'We must all buy into ethical practices,' says Levison Wood

Businesses have a duty to ensure supply chains are ethical but the public at large needs to buy into sustainability if goals are to be achieved, according to the adventurer Levison Wood.

Wood, who will be the main speaker at the CIPS Annual Dinner in June (picture by Tom McShane), said supporting less advantaged communities through the supply chain was more effective than aid, which could create a culture of dependence.

“There is an onus for ethical management and to be sustainable where you can,” said Wood. “Certainly within the travel industry, there are lots of incentives to support local communities wherever possible.

“It’s far more empowering when you create business opportunities for local people, and enable them to fulfil their potential through the supply chain.”

Charitable and aid work in such communities, while not without its benefits, said Wood, can create a culture of dependence that’s simply not sustainable in the long term.

The general public, he added, should also be more aware about where the products and services they used are sourced. “I think people today are more conscious about how things are produced. It’s becoming increasingly important, but there’s always more than can be done. It’s down to businesses to ensure the supply chains are ethical, but ultimately everyone needs to buy into the concept of ethical practices for it to work.”

Wood has walked the 4,250-mile length of the river Nile and trekked the Himalayas from Afghanistan to Bhutan, so it’s likely he’ll have plenty to talk about when he takes to the stage at the CIPS Annual Dinner on 7 June in London.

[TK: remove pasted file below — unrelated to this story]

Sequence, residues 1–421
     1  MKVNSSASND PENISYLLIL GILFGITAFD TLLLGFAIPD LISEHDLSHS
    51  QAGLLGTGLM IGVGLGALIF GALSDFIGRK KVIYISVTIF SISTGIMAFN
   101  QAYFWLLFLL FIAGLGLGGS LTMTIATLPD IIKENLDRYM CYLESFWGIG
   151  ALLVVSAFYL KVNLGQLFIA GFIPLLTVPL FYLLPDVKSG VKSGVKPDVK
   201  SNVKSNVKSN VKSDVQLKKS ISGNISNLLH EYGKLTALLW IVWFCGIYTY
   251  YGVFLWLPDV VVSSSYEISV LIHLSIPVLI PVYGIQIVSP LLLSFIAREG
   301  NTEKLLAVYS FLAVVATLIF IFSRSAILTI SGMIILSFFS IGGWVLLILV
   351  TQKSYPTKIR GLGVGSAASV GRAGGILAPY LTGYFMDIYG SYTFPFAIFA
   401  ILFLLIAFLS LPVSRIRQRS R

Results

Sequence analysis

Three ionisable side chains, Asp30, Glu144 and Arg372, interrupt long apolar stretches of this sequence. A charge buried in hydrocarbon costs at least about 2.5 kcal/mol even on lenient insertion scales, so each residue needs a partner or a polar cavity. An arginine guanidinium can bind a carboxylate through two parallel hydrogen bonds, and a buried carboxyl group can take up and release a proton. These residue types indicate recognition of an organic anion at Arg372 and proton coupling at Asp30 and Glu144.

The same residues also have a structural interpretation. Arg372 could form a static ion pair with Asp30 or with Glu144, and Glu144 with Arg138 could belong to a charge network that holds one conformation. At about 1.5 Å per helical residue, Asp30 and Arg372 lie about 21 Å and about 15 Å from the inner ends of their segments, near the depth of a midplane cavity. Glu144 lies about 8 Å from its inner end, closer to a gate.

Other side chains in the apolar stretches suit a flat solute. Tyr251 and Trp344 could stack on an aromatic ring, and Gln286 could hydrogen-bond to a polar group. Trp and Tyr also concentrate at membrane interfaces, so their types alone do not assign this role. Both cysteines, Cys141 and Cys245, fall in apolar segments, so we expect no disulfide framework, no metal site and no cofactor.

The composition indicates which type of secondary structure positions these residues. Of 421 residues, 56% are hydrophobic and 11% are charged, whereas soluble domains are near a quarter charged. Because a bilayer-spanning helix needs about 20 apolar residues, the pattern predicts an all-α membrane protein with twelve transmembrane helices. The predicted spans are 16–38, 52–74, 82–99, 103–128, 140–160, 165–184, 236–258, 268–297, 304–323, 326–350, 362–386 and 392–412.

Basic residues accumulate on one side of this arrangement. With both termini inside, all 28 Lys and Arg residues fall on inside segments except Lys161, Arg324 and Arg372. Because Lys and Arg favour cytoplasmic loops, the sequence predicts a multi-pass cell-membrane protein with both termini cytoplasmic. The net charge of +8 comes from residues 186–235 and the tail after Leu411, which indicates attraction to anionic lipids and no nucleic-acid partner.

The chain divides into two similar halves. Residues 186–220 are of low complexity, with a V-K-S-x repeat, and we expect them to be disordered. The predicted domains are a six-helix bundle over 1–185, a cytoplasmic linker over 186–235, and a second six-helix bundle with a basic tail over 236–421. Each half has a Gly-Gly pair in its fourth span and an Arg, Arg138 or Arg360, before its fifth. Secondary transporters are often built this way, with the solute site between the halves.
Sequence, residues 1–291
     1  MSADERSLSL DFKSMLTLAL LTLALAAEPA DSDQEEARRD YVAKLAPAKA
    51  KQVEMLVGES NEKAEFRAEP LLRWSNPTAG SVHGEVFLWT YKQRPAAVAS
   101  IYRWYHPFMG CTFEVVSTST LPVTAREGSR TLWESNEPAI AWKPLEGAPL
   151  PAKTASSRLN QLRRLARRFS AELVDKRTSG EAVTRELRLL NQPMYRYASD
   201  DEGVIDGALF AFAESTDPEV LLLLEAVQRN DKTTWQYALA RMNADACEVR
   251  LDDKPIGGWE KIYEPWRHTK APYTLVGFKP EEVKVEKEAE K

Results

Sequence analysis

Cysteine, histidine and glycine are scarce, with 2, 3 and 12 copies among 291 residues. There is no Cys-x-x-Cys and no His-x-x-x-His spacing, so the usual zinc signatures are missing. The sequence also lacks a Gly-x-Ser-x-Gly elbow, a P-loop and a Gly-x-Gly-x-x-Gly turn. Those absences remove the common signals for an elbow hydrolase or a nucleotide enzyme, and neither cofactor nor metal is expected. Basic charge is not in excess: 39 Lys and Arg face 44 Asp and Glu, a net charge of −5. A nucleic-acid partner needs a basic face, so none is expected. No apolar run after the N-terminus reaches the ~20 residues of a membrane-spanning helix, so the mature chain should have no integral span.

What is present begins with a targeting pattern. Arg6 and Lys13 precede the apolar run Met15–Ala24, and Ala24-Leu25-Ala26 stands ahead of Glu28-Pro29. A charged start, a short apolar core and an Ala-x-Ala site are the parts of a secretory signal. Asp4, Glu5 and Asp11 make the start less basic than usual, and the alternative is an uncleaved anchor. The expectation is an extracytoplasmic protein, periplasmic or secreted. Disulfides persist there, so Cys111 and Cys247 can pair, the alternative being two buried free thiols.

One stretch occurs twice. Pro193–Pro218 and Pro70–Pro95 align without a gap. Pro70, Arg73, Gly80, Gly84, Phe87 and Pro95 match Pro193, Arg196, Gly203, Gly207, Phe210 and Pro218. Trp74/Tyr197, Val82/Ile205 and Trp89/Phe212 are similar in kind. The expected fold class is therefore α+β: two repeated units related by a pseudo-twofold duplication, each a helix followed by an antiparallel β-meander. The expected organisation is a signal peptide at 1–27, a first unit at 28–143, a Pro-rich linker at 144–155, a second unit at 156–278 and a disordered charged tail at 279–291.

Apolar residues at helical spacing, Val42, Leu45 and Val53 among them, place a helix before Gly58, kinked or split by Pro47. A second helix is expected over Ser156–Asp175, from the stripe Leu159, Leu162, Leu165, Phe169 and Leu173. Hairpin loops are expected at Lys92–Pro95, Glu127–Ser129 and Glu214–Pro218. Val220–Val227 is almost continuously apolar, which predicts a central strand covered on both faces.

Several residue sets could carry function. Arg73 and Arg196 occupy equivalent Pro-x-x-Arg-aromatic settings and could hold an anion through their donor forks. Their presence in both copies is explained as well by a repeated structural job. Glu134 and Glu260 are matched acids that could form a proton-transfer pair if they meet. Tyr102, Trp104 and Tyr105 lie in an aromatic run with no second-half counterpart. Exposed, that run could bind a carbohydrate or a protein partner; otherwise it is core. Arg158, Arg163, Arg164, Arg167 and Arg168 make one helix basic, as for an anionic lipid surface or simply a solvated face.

Along the way, the former paratrooper has braved malaria-filled swamps, civil war and survived a car crash, although he insists that he never seeks out danger. It just has a habit of finding him.

“I’m interested in anthropology and cultures so I choose places with a compelling narrative,” said Wood. “It’s about the people I meet along the way, not the level of danger that interests me. But it’s true, the places I travel to tend to be off the beaten track, and have been in the media for all the wrong reasons.”

For Wood, the real fascination about the frequently hostile environments he visits is how the people who live there face these challenges on a daily basis. And as a businessman, it’s also something he believes he can influence in some small way.

As well as being an explorer, Wood is the joint-founder of adventure travel company Secret Compass, and is acutely aware of his own responsibility to the communities where his business has an impact.

Wood’s passion for adventure and the great outdoors began at an early age when he would go off wondering near his childhood home in the Peak District. After completing the Duke of Edinburgh’s Award, a stint in the army in the Parachute Regiment followed. “When I left the army, I thought ‘what’s next?’ I’d already done some travelling so I thought about taking it to the next level, and developing my photography skills along the way,” explained Wood.

It was while working as a photographer that Wood met Hollywood royalty and all-round good guy George Clooney. So is he really as nice as he seems? “George is absolutely lovely,” confirmed wood. “Really genuine and really passionate about South Sudan, which is where we met. He was there to do some advocacy work for persecuted people in the region, and he was in the mountains getting bombed along with the locals, and I respect that. He doesn’t just go and kidnap a baby and take it back to America.”

And the Dalai Lama? “I couldn’t get a word in edgeways,” Wood laughed. “He’s an absolutely fascinating character. He was telling me all about the plight of the Tibetan people.”

Even when he’s on British soil, Wood is seldom idle. “When I do get time to relax I enjoy swimming or doing a bit of yoga. But there’s another big expedition in the pipeline, so that’s keeping me busy at the moment,” said Wood. He won’t elaborate on the detail, apart from that he’ll be out of the country later in the year. Before then, if he gets chance –“which is unlikely” – he’d love to disappear for a few days to a beach in Thailand. “That’s my spiritual home,” he admitted. Because even explorers need to put their feet up sometimes.

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